Braised beef in the Cincinnati Style – serves 4 to 6
I knew that, if I had beef and chocolate, I was probably going to have to return to the conceit of a Cincy-style chili (which, if you recall, contains chocolate, chili powder, and other non-traditional chili spices like clove, cinnamon, and allspice), because I’d be damned if I was attempting a mole. Those things take forever, and I just didn’t have the time – Adam was picking up the ingredients from the apartment on his way back from work, so I was going to have to start cooking the meal around 6. I wanted to get it on the table by 8:30 at the latest, so I figured I’d start with the thing that took the longest – the beef.
You will need:
- 2 lbs beef ribs
- 1 8-oz can tomato sauce
- 30 g/ 1 oz dark chocolate
- 2 cloves garlic
- 2 tsp David’s Homemade Weaponsgrade Chili Powder
- 1 tsp salt
- 1/4 cup water
- 1/2 tsp cinnamon
- 1/.2 tsp clove
- 1/2 tsp allspice
1. Set your oven for 250 degrees Fahrenheit. Pat the beef ribs dry with paper towels, and sear them in a 6-quart dutch oven over high heat (with a touch of canola oil), two to three minutes a side.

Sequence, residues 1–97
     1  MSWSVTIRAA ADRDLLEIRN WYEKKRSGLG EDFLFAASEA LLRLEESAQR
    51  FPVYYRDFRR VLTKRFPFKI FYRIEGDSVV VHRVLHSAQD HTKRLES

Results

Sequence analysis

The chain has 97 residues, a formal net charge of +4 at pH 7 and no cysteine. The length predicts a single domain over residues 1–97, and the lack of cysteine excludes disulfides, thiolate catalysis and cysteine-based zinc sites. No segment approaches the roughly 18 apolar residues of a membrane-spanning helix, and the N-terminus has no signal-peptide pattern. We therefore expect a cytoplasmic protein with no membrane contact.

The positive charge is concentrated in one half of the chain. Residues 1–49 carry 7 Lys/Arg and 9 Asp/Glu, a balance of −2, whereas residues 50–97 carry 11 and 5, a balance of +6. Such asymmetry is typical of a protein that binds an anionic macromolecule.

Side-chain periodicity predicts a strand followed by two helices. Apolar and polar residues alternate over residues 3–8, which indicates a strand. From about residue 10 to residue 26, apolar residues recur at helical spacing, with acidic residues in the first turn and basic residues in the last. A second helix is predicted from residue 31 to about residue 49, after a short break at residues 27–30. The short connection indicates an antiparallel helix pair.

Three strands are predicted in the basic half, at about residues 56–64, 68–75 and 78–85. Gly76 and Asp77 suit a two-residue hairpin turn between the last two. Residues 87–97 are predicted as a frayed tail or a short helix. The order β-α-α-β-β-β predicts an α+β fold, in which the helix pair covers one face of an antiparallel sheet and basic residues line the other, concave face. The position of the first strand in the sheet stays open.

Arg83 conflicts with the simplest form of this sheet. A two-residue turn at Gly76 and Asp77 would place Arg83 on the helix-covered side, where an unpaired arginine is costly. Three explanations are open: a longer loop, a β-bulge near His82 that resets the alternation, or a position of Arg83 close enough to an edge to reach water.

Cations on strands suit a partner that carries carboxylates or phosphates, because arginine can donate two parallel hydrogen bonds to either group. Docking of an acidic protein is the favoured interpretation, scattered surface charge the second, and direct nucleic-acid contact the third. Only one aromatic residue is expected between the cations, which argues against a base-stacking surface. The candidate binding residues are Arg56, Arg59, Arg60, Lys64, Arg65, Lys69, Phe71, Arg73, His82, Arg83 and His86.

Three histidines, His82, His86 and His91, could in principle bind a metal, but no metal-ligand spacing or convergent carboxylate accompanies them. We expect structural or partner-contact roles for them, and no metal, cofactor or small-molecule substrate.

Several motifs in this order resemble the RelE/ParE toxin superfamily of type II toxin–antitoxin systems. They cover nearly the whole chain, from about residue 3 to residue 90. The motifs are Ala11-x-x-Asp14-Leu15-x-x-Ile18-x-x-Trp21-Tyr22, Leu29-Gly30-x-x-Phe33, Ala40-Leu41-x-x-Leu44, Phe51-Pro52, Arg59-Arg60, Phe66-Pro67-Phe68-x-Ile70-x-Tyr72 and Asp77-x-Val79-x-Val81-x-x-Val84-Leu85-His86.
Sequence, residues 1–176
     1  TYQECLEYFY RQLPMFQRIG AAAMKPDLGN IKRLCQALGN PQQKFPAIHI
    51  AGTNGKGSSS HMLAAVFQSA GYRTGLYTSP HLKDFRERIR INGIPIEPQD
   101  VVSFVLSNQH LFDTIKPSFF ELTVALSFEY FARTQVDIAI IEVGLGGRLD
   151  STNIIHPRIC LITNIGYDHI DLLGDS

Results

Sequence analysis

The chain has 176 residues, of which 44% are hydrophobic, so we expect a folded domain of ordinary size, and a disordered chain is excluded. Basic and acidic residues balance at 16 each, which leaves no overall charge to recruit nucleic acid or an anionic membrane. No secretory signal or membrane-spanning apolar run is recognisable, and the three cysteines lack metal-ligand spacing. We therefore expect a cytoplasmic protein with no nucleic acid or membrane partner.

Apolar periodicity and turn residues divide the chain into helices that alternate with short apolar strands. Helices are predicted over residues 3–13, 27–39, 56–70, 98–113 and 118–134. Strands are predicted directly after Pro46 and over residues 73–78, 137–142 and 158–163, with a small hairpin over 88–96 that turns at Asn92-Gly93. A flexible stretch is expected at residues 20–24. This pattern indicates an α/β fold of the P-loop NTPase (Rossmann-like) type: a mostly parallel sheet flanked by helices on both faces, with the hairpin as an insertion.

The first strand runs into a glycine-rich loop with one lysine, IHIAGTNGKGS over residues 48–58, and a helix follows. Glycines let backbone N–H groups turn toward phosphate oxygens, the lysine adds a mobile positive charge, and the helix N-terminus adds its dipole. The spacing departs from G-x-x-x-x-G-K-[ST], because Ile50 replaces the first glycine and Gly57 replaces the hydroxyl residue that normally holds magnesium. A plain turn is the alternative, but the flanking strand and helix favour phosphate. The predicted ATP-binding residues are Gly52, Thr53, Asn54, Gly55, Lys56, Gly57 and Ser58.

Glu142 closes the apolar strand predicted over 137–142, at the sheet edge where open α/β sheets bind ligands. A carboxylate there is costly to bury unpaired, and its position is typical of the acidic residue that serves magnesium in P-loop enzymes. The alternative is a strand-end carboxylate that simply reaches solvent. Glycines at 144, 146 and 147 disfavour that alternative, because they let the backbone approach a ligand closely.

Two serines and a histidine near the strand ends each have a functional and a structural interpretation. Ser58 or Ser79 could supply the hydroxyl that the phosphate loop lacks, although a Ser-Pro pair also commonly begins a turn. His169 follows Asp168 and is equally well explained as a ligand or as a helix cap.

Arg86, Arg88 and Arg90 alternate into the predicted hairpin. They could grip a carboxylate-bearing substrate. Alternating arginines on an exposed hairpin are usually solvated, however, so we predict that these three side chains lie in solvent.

2. You certainly don’t need to do this, but at this stage I used a Microplane (Gadget #1) to grate the chocolate. Again, this is unnecessary – you can simply break up the chocolate and throw it in; it’ll all melt and incorporate anyhow. Chop the garlic finely, and measure out the spices.
3. When the beef ribs are browned on each side, throw in the garlic and cook, stirring briskly, for a minute or so. Then add the tomato sauce, the spices, the chocolate, the salt, and the water. Mix this all together, and heat until bubbly – then take it off the stove, and put it in the oven for as long as you can stand to, adding water, if necessary, every hour or so, for a minimum of two hours. You cannot overcook these ribs – not at this temperature – but somewhere in the neighborhood of 2 to 4 hours is probably ideal. I wanted them to stay together and not flake when cut, so I hewed closer to the 2 hour mark. When finished, they’ll look something like this:
I’d never made a gastrique before. But I knew that I wanted to use the cranberries to bridge the gap between savory and sweet, so it wouldn’t be so impossible. I hoped. A gastrique is basically a caramel sauce with vinegar in it, which may sound horrific to some of you – it is, however, delicious – tart without being painful, and sweet without being cloying.
You will need:
- 12 oz cranberries, washed
- 1 cup sugar
- 1/4 cup balsamic vinegar
- 1 cup port
1. Place the cranberries in a small saucepan with enough water to cover them. Bring to a boil, reduce to a simmer, put the lid on, and cook for about 15 to 20 minutes, until the cranberries are soft.
2. With a potato masher (or a stick blender! [Gadget #2]), squash the berries into as fine or as thick a pulp as you desire.
3. In a non-stick skillet, combine the sugar and the water, and mix, over medium heat, with a heat-proof spatula. Stir briskly and cook until the mixture thickens and just begins to turn tan around the edges.